Watching "Charlie is My Darling"
Published on November 18, 2012 by Sara Foss

The Rolling Stones have got to be one of the better documented bands in cinema.

They perform in one of the greatest music documentaries ever, "Gimme Shelter," while great directors such as Martin Scorsese and Jean-Luc Godard have filmed the band. Somewhat amazingly, the Rolling Stones are also the subject of two intimate cinema verite documentaries that were never released theatrically. One of these documentaries, 1972's "Cocksucker Blues," depicts drug use, groupies and general, all-around debauchery, and can only be shown if the director, Robert Frank, is physically present. This weird arrangement is the result of a court order; the Stones felt that the documentary was embarrassing, while Frank wanted it released. The other documentary, "Charlie is My Darling," was shot during the band's two-day tour of Ireland in 1965, but made its world premiere at the Walter Reade Theater in New York City this fall.

The Rolling Stones celebrate their 50th anniversary this year, which has led to a surge of interest in all things Stones. Last week "Charlie is My Darling" played in Schenectady, and the film will be released on DVD earlier this month. I happened to catch screening in Schenectady, and am happy to report that "Charlie is My Darling" looks fantastic. Filmed in a gritty-yet-lustrous black-and-white, the film clocks in at a trim 50 minutes, and capture the Stones just after "(I Can Get No) Satisfaction" was released. The band is still playing relatively small clubs, and their personal safety often seems to be in peril, as screaming fans mob the stage and line the streets hoping for a glimpse of the bands. The Stones come across as thoughtful and relatively young lads, amazed by their growing fame and intrigued by their place in the cultural firmament. Mick, in particular, seems sharp, focused and unusually candid.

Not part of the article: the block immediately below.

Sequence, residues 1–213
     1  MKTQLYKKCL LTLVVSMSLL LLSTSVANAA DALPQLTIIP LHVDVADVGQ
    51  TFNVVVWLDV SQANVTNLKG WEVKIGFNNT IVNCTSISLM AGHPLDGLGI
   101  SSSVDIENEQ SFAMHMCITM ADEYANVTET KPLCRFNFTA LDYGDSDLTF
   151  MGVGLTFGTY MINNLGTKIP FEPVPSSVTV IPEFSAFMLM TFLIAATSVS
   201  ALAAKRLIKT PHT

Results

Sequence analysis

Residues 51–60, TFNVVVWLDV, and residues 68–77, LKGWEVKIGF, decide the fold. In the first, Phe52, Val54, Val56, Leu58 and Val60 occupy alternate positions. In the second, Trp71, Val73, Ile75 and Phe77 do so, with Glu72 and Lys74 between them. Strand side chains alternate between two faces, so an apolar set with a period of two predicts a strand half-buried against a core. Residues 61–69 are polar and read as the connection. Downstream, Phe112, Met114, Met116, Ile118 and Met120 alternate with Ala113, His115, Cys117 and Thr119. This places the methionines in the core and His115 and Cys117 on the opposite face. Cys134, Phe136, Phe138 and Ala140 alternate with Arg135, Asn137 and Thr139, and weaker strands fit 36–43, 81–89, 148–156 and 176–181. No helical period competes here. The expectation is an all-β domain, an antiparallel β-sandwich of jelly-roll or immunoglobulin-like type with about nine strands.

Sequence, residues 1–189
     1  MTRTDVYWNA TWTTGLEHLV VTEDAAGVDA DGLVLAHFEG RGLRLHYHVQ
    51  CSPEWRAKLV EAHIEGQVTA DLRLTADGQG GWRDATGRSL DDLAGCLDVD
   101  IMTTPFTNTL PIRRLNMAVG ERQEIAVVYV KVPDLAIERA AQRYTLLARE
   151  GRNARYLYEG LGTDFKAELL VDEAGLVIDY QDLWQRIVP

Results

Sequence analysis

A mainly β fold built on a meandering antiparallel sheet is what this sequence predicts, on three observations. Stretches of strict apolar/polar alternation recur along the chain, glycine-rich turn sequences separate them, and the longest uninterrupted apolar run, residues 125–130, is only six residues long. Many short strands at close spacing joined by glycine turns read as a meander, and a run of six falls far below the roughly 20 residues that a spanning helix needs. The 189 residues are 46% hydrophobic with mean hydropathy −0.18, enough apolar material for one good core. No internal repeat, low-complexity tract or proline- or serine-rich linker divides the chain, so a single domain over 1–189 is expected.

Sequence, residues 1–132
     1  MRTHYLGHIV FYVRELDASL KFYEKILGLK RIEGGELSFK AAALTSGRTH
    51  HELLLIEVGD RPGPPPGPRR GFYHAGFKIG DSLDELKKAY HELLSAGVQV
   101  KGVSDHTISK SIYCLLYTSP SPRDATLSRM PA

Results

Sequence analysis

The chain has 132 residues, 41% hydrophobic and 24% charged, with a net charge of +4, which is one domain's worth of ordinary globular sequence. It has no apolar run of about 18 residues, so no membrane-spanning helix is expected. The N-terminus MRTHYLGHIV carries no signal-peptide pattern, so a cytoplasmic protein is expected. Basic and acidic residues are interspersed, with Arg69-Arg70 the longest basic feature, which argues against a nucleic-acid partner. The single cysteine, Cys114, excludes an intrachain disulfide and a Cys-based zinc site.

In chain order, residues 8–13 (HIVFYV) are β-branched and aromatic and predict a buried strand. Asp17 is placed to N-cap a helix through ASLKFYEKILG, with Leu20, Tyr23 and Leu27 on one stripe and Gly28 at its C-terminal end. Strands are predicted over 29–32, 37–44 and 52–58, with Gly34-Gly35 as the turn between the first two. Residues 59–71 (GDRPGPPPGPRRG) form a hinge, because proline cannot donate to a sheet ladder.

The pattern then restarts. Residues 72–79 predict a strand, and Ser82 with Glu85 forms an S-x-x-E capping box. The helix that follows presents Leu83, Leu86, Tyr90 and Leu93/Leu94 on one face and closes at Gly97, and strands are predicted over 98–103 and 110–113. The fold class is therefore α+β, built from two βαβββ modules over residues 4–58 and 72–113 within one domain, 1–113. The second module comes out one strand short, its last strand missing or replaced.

The interviews with the Rolling Stones are insightful, but the real reason to see "Charlie is My Darling" is for the music, which showcases the band's raw, sexual energy, and makes it clear that the Stones were a daring and dangerous contrast to the poppy innocence and exuberance of the Beatles. Stones concerts bordered on near-riots, which is why it's nice to see the quieter rehearsal footage, where the band members smoked and sang and perfected their music. The Rolling Stones have been around so long it's easy to feel sick of them, but "Charlie is My Darling" remembers a time when they were one of the brightest up-and-coming bands around, and the sky was the limit.

Click here to read The New Yorker's Richard Brody's take on the film.

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